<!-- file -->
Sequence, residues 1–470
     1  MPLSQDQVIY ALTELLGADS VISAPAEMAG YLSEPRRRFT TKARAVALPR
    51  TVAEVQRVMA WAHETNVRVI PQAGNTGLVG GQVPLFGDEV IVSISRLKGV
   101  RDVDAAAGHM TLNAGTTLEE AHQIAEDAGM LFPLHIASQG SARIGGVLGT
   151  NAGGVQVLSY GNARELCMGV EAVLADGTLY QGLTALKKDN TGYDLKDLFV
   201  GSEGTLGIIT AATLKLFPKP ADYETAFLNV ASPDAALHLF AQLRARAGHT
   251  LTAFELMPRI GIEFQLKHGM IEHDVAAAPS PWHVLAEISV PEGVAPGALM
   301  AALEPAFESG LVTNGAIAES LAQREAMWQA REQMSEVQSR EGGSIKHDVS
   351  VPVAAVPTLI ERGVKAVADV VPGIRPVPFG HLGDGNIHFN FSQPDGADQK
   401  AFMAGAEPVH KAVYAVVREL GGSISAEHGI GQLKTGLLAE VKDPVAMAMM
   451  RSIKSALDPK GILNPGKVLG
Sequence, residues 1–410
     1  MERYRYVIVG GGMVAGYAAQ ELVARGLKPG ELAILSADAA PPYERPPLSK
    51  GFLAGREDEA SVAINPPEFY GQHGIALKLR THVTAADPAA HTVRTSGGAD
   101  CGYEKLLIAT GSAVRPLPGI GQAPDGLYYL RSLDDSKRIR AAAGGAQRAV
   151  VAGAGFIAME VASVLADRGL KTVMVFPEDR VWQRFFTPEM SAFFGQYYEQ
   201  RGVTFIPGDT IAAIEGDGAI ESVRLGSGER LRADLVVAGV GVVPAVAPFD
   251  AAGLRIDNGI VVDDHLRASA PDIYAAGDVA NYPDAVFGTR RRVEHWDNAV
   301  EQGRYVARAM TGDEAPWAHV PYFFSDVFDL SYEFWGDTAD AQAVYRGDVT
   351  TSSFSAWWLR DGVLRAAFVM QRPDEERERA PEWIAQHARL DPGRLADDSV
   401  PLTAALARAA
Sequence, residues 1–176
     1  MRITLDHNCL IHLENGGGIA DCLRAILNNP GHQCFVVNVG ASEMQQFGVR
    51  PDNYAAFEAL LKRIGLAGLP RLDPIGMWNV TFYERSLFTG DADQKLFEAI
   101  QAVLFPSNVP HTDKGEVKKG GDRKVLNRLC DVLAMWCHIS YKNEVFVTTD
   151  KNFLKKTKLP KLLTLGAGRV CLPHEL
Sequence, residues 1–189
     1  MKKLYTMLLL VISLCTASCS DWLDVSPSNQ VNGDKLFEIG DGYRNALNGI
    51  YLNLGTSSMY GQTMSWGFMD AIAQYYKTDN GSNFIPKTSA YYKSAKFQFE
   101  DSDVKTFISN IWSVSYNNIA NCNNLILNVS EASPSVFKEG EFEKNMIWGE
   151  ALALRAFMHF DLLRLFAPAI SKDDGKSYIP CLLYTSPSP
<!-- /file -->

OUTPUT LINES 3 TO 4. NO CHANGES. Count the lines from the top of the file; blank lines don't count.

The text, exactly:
    51  TVAEVQRVMA WAHETNVRVI PQAGNTGLVG GQVPLFGDEV IVSISRLKGV
   101  RDVDAAAGHM TLNAGTTLEE AHQIAEDAGM LFPLHIASQG SARIGGVLGT